Telcos pick up pace of video expansion
EmptyNEW YORK -- Top U.S. telecom carriers are attracting more subscribers to their nascent video services, with Verizon Communications Inc. finally gaining a critical mass to compete against cable rivals.
While still losing customers to cable companies -- which made a head start in offering all-in-one "bundles" of video, Internet and phone services -- AT&T Inc. and Verizon are fighting back, the latest quarterly earnings reports showed. Verizon added 167,000 subscribers to its FiOS TV service in the second quarter, taking the total to 515,000, according to its quarterly report on Monday. That compared with 141,000 additions in the first quarter and showed that the roll-out, which began in September 2005, was picking up momentum.
"They're gaining a critical mass of subscribers," said A.G. Edwards analyst Kent Custer, adding that investors were more supportive now of the high cost of the all-fiber-optic network that Verizon is building. "The proof is in the pudding now."
AT&T reported 51,000 U-verse video subscribers at the end of the second quarter, up from 13,000 three months earlier. That showed that the Internet-based service, which has lagged behind FiOS, was also gaining traction, analysts said.
In another encouraging sign, a survey released this week showed that 54% of consumers prefer to buy bundles from telecoms companies, compared to 44% choosing cable.
The survey of 1,200 households was conducted by CFI Group, which specializes in consumer and employee satisfaction surveys. CFI says it is an independent group but has previously done work for AT&T.
"The phone companies will be at a good place to win customers because they're perceived to have better customer service. That's one inference we can make from our study," said John Gilbert, a co-author of the report.
Service outages, long waits for repairs and installation, and poor call center help are problems found across all providers, but consumer angst is particularly strong among cable customers, Gilbert said.
Both phone companies need to succeed in video as they lose traditional landline subscribers to wireless services or to VoIP, which are digital phone services offered by cable operators as well as Web-based companies like Skype.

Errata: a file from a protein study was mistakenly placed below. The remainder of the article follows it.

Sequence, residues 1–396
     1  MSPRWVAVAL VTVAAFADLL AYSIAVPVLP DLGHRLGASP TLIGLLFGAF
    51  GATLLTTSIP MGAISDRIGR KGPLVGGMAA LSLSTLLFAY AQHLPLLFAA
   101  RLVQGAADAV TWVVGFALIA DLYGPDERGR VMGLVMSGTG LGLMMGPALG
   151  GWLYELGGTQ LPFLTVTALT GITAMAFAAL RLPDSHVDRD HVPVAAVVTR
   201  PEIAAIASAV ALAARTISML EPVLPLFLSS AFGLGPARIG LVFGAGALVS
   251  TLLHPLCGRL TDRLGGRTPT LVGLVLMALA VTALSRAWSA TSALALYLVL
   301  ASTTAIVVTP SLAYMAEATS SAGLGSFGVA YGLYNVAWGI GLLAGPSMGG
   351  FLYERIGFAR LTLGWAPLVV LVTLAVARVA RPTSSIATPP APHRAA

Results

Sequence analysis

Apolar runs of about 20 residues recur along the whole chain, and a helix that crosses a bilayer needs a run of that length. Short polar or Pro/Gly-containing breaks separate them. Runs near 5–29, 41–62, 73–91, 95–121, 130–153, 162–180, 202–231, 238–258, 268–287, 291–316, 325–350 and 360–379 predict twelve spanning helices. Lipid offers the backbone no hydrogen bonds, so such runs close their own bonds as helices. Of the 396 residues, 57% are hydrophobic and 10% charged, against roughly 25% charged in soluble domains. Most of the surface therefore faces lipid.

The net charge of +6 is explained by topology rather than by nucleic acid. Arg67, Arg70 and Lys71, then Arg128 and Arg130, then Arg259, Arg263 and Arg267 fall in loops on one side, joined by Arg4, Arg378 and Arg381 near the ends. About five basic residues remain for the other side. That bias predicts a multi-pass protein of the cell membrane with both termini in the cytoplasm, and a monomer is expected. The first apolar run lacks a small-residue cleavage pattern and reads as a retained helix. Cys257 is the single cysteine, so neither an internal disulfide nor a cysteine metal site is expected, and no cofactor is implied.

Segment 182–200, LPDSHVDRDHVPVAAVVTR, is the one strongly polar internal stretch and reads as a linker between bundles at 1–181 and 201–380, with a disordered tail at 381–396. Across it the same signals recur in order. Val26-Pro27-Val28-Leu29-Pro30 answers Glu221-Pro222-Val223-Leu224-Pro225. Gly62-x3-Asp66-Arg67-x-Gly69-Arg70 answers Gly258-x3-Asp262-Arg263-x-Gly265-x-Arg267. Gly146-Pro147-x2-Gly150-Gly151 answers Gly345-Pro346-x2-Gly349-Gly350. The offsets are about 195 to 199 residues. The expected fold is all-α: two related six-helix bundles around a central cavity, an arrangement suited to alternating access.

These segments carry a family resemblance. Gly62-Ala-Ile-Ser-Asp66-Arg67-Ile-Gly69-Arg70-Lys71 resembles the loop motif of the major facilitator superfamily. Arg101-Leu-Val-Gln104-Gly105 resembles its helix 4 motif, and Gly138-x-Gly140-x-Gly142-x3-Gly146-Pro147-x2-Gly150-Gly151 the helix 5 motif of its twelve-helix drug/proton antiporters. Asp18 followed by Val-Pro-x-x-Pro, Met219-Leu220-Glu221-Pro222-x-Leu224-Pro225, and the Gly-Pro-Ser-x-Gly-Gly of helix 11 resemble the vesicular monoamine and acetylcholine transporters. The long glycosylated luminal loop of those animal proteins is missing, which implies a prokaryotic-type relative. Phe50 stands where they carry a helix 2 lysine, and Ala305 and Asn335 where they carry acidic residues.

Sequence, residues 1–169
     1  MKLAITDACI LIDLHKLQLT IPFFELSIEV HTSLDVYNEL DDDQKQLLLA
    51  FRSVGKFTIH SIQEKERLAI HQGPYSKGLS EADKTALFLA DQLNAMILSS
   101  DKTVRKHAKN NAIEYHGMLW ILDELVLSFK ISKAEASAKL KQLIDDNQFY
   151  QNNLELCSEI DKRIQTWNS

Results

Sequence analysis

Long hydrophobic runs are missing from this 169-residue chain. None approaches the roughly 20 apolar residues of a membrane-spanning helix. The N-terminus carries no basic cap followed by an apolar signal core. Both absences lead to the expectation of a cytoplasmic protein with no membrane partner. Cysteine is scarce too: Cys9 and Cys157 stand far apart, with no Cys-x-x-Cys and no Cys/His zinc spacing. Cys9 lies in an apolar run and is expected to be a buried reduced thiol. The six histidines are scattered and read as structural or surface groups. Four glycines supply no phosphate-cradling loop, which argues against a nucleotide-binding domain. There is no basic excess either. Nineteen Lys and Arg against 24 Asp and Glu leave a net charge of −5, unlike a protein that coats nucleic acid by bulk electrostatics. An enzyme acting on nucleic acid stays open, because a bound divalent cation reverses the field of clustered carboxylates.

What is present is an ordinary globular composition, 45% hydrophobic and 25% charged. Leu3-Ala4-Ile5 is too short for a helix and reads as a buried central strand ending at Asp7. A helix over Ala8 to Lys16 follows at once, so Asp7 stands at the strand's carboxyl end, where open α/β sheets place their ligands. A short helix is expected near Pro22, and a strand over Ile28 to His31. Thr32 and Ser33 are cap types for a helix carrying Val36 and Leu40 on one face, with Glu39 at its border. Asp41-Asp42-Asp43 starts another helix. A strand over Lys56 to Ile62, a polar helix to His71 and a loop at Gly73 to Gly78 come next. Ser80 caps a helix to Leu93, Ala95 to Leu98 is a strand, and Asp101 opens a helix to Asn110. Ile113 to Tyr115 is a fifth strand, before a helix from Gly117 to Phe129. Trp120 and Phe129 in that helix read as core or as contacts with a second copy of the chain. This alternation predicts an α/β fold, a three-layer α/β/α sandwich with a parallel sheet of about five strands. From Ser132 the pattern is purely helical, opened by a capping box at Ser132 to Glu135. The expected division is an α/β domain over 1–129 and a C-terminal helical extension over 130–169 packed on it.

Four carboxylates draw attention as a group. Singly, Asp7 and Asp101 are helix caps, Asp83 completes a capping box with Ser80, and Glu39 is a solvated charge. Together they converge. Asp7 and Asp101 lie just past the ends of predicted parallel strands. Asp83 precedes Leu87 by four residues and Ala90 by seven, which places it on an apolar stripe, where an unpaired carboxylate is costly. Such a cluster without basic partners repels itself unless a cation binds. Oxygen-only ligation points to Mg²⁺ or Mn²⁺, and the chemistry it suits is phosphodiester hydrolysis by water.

While AT&T and Verizon have wireless businesses, offering video entertainment along with Internet and voice services is seen as a key element of maintaining customer loyalty amid increasing competition from cable.
Bernstein Research analyst Craig Moffett said a weaker housing market had hurt cable subscriptions, but noted: "Adding to the headwind is the impact of Verizon."
He said cable companies had lost subscribers and a "majority of those lost subscribers have ... been absorbed by Verizon's 167,000 video net additions versus only 35,000 FiOS net additions last year."
However, with cable television subscribers totaling 65.6 million at the end of 2006, Moffett says companies like Comcast Corp. and Cablevision Systems Corp. are still at an advantage. Many analysts say it could take years for a meaningful shift in market share to phone companies.
Verizon has said it plans to spend $18 billion from 2004 through 2010 on FiOS. AT&T has said it would spend $6 billion to $6.5 billion on U-verse through end-2008, although it is due to update this forecast soon to include targets for BellSouth, which it acquired late last year.
Tuna Amobi, analyst at Standard & Poors, said Verizon's FiOS was "more of a medium to longer term issue" for New York-based Cablevision.
"I think the potential customers they could lose to Verizon over the next couple of years is way less than they're going to gain in terms of the phone," he said of Cablevision.
Some also say there will be some areas -- mostly rural -- where it is still too expensive for phone carriers to build fiber networks, which is why they are hanging on to partnerships with satellite television providers.
Shares in both AT&T and Verizon have risen around 30% from a year earlier. Analysts' recommendations on Verizon are almost evenly divided between "buy" or "hold" ratings, with few "sell" recommendations.
Most recommend a "buy" on AT&T shares, which are now trading at around 15 times 2007 earnings estimates compared to a multiple of 18 for Verizon, according to Reuters Estimates.